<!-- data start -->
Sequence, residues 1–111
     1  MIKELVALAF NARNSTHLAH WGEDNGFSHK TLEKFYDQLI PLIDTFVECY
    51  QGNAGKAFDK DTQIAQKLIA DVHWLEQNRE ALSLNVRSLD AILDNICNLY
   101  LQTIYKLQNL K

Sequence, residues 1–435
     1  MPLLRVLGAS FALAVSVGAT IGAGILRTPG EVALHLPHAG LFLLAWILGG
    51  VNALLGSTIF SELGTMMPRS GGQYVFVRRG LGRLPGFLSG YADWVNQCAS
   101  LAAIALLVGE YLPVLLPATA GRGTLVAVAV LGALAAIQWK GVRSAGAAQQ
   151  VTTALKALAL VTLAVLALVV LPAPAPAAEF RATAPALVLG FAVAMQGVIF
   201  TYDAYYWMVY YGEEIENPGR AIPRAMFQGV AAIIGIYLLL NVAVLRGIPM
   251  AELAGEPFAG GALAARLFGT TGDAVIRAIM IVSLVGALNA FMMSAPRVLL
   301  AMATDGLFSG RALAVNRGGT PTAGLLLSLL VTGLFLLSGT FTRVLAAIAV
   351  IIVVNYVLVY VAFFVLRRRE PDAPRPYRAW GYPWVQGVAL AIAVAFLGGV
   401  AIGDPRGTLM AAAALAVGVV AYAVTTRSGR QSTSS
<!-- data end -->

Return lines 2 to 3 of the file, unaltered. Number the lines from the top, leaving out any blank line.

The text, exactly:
     1  MIKELVALAF NARNSTHLAH WGEDNGFSHK TLEKFYDQLI PLIDTFVECY
    51  QGNAGKAFDK DTQIAQKLIA DVHWLEQNRE ALSLNVRSLD AILDNICNLY